The Wall Street Journal Confirms Parish & Company Analysis of Bain Capital Profit Sharing Plan and Romney IRA

Pulitzer Prize winning reporter and senior editor Mark Maremont of the WSJ wrote the following two stories, explaining how Presidential Candidate Mitt Romney built his IRA to as much as $100 million. Both stories were based upon original Parish & Company analysis.  The purpose of this analysis is not to directly disparage Romney but rather note that his conduct with respect to this scheme is worthy of discussion.

1) Bain Gave Staff Way to Swell IRA’s by Investing in Deals, Wall Street Journal, March 28, 2012

2) Bain Capital’s Unusually Young Retirement Rollover Age of 23, Wall Street Journal, April 2, 2012

The reason these stories are significant is that during Presidential Candidate Mitt Romney’s tenure at Bain, employees were able to use a special scheme, outlined in detail by Maremont of the Wall Street Journal, to put undervalued Bain related partnership investments into their SEP-IRA accounts, thereby going far above annual contribution limits afforded other taxpayers.   Some argue this is aggressive financial engineering while others argue it is outright tax fraud.  At a minimum it certainly has ignited a debate regarding fairness.

When Romney first ran for President in 2008 the law firm that handles his blind trusts, Ropes & Gray, also crafted a new pension plan for Bain Capital. Unlike the previous plan, the new plan allows the firm to hide the same scheme set up by Romney.   The problem is that this appears to be garden variety tax fraud in clear violation of important retirement plan rules.  A fraud enabled by one key provision, an official retirement rollover age of 23.

Bain’s use of an official retirement age of 23 essentially allows all existing employees, each year, to act as if they are doing a retirement related rollover from their profit sharing to IRA accounts outside the ERISA regulatory umbrella.  Of course, if I or most businesses had 23 as an official retirement age the IRS would laugh and shred the plan.

Bain will argue that the new plan set up in 2008 has a standard mix of choices that appeals to unsophisticated investors while those wanting more choice can roll their balance into a self directed IRA.   Since a self directed IRA is not an employer sponsored plan like a SEP IRA, or the new profit sharing 401K plan, they basically cover their tracks with respect to Bain interests being stuffed into IRA’s.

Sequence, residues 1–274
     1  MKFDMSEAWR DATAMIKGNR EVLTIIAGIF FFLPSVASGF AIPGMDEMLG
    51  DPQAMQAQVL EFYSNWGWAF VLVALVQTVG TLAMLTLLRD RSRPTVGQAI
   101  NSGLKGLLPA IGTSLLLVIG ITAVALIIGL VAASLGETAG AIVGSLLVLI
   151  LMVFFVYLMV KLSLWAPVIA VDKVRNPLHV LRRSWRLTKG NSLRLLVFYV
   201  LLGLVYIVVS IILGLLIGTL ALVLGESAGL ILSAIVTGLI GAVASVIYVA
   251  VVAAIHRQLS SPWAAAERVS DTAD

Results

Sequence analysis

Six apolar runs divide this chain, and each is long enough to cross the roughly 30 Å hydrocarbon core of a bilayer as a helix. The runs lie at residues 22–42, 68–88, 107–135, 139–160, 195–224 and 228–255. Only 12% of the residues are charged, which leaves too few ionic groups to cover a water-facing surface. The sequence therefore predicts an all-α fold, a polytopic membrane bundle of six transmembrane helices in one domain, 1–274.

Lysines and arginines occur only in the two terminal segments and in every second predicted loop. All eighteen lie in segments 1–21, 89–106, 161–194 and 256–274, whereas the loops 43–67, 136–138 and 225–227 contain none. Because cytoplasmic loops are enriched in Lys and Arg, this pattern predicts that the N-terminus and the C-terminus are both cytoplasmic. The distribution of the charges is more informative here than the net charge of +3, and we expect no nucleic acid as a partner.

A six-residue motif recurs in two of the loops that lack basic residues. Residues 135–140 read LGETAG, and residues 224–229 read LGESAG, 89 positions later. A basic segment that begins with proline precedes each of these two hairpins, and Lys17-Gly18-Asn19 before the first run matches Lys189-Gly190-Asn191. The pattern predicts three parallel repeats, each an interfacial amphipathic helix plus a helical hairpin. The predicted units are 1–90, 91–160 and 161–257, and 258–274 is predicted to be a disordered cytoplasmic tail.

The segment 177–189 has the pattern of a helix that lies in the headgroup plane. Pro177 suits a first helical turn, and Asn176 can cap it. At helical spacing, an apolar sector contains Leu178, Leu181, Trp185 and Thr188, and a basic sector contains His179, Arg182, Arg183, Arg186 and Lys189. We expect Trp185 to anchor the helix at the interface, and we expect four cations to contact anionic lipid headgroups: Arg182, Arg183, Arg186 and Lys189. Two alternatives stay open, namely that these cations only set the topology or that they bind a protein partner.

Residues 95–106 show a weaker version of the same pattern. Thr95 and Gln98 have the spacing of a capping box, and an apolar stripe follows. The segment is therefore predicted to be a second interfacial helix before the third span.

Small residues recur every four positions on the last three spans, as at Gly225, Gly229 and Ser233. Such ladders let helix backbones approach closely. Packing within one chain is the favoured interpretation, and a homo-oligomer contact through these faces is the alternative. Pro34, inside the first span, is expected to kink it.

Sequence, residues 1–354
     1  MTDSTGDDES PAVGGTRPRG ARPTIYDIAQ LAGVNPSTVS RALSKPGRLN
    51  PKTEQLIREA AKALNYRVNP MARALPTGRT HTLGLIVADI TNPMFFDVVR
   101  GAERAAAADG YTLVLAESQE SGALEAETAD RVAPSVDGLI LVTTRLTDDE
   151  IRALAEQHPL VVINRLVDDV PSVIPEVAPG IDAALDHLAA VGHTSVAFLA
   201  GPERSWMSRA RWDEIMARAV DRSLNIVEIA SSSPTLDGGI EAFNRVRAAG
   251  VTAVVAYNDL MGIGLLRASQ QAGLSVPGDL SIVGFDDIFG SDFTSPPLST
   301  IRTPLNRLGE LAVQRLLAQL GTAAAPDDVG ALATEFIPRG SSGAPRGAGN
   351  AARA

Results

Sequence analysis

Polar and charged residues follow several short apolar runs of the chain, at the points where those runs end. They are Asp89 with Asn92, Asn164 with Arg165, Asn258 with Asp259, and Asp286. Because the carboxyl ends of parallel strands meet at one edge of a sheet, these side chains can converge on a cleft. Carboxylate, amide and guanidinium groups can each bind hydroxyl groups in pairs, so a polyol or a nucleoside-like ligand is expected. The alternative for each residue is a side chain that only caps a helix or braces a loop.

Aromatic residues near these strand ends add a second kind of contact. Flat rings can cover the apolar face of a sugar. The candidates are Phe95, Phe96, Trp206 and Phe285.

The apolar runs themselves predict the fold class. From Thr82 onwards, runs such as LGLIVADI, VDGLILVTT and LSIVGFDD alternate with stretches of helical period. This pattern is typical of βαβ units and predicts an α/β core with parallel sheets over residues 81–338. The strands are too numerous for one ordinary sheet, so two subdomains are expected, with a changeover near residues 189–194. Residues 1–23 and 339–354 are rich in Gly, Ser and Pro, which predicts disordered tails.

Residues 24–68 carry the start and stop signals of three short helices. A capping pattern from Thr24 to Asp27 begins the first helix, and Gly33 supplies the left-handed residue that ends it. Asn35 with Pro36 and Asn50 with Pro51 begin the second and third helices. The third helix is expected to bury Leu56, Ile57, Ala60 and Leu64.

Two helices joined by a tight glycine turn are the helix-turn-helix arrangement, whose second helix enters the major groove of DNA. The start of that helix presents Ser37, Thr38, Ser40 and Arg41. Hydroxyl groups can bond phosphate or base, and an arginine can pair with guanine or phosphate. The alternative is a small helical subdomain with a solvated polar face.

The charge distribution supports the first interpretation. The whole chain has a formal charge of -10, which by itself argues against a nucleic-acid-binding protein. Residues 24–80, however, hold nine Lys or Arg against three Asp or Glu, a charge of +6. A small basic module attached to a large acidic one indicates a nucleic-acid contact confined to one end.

Put another way, there is no overall disclosure or oversight possible to determine if the plan is in compliance with key ERISA  and tax rules.   These include key anti discrimination rules designed to ensure all employees have equal access to investment choices.  One might call this a divide and disguise strategy.

In order to complete what some might see as a cover up operation, Ropes and Gray removed itself as the plan sponsor and farmed the plan out to Angell Pension Advisors in 2008, the year Romney first ran for President.   The net effect is that Bain is still using the same scheme hidden behind an administrative non-disclosure curtain.

Other leading companies including Intel and Nike now allow employees a brokerage option as a fundamental part of their 401K profit sharing plan.  This allows employees to invest in individual stocks or whatever they like.   The problem for Bain would be that if they did this, rather than the annual rollovers to IRA’s via claiming an official retirement age of 23,  they would have to disclose via annual 5500 filings the extent to which they are investing in their own leveraged deals.

Special rules exist with respect to partnership related investments in retirement accounts that are “leveraged” and this could expose employees to what is called UBIT tax.  The only way to avoid this is to invest in offshore “blocker corporations,” as Romney has with respect to his IRA.   Without the blocker corporation as a shield, employees would have to file a special annual return and pay a rate on the gain of approximately 35 percent.  Such blocker corporation related investments would also need to be revealed in the 5500 filings and this would not look good for a Presidential Candidate who set up such a plan.

Most investors do not realize the extent to which these Bain interests,  what are called “Non Standard Assets” by custodians, can now be purchased with IRA accounts.  For example, if Merrill Lynch is the custodian, they will gladly allow key execs to put Bain interests in their self directed IRA’s.  To do so however they must first get the funds out of the new ERISA regulated 401K profit sharing plan and that explains why the official retirement age for rollover purposes is 23.

The author of the two stories linked to above, Mark Maremont, which only address part I of the scheme, has a distinguished record of achievement spanning more than 10 years at the WSJ. This includes being awarded the Pulitzer Prize for his work regarding the backdating of stock options.